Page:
No, SPS is the bigger more focused player here. They do 200 Cr business only from Academic Books & Journals, whereas MPS share in this segment is still only 120 Cr. They started as a captive for one of the large publishers. Volumes are huge. They do 50% of this publishers outsourced business. They also do huge work for other large publishers. SPS was started by ex- Macmillan India head.

Huge variance in margins amongst peers. What enables MPS to earn superior margins? SPS and Newgen seem to be playing in a different orbit, altogether?

The answer may probably lie in process and platform efficiency/reusability. We have also been alerted about superior SPS margins. Let’s wait and see at what levels their margins sustain this year.

What role or value-add can any India-based player acquisition bring to MPS, apart from quickly ramping up trained work-force?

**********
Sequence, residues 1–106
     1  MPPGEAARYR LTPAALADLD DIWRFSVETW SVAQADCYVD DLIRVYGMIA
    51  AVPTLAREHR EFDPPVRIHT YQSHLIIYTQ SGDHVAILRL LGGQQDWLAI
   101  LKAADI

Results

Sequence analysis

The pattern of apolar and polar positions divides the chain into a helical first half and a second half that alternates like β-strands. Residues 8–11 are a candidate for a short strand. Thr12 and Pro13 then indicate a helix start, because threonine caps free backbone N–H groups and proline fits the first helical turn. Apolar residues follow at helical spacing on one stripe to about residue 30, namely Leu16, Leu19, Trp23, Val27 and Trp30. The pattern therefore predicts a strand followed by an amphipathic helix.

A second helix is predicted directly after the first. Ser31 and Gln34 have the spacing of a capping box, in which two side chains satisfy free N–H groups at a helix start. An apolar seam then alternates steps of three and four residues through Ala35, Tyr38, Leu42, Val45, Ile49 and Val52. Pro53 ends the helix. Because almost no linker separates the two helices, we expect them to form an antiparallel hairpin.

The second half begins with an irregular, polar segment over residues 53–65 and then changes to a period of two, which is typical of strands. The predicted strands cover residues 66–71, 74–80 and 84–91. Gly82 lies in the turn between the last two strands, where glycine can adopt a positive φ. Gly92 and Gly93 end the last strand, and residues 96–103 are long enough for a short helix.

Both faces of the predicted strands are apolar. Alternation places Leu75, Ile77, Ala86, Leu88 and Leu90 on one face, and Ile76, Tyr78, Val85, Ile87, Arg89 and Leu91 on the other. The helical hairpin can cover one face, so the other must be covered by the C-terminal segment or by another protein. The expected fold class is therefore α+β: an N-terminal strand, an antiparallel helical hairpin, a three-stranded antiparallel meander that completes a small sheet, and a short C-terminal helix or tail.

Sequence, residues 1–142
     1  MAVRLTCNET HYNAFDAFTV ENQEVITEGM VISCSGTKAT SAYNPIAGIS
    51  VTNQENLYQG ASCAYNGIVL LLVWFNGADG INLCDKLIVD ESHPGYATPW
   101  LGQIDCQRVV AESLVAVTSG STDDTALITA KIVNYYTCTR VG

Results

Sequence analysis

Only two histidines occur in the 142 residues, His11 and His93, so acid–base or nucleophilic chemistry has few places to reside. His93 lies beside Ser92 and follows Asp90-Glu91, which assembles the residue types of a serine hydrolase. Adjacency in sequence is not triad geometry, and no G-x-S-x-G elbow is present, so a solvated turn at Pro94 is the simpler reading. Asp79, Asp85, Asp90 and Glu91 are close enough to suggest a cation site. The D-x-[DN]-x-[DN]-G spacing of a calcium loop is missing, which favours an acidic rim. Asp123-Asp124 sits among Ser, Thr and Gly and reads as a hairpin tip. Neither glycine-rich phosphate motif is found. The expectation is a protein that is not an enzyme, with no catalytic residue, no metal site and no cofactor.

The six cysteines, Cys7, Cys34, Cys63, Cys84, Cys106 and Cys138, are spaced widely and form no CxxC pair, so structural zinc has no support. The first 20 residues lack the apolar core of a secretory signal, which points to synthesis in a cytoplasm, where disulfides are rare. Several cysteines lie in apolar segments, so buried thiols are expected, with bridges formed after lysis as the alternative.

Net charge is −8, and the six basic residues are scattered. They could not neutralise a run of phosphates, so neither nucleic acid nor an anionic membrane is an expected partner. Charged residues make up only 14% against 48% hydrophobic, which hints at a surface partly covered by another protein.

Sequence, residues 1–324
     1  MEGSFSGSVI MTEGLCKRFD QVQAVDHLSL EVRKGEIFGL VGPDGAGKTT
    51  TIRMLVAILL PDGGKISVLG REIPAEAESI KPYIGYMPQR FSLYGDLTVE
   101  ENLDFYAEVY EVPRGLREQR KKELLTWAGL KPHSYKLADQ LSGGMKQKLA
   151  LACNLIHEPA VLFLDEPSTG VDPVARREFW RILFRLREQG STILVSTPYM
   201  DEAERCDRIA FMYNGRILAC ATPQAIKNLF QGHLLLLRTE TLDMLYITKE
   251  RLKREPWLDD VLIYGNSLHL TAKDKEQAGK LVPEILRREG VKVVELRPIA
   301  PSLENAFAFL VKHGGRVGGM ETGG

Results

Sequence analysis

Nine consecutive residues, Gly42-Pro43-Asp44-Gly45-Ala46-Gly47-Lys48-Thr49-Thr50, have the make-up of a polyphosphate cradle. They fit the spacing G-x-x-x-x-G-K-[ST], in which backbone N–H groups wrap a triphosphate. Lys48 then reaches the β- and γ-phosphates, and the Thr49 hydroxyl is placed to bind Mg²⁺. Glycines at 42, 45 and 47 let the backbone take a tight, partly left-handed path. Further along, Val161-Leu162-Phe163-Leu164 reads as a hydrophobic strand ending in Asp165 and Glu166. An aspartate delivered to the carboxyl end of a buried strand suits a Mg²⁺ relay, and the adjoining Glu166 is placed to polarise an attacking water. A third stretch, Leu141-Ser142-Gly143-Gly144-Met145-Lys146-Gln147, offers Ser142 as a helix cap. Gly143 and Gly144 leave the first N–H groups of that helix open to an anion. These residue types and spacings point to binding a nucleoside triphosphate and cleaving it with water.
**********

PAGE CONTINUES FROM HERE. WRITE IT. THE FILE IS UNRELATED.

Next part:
Ramping up trained workforce is not an additional driver for us at all. We are able to do that ourselves.

  1. TECHNOLOGY INTENSIVE PLATFORM OFFERINGS – SMALL PUBLISHERS ONLY?
  • Elsevier – ScienceDirect; Cambridge – Cambridge Journal Onlline system
  • Springer – outsourced to MetaPress; Oxford University Press – outsourced to Highwire
  • Atypon Premium

Most of the large publishers seem to have their own publishing and workflow management platforms?

There is high level of customer distinction in customer platforms and processes. Varies customer to customer.

And there are fully-featured services such as HighWire press and Atypon Premium?

Yes Atypon Premium is a bigger platform. Bigger platforms usually have product road-maps frozen from years ahead. Addressing customer requirements dynamically might become difficult at times because of this.

There are smaller suppliers such as Allen Press, AIP Scitation, Bepress and others.

These are all probably candidates for acquisition down the line.

So where exactly is MPS publishing and Workflow Management System positioned? SAAS (software as a service) offerings including workflow management (MPSTrak), editing and automated composition (MPS DigiCore), and business analytics (MPS Insight).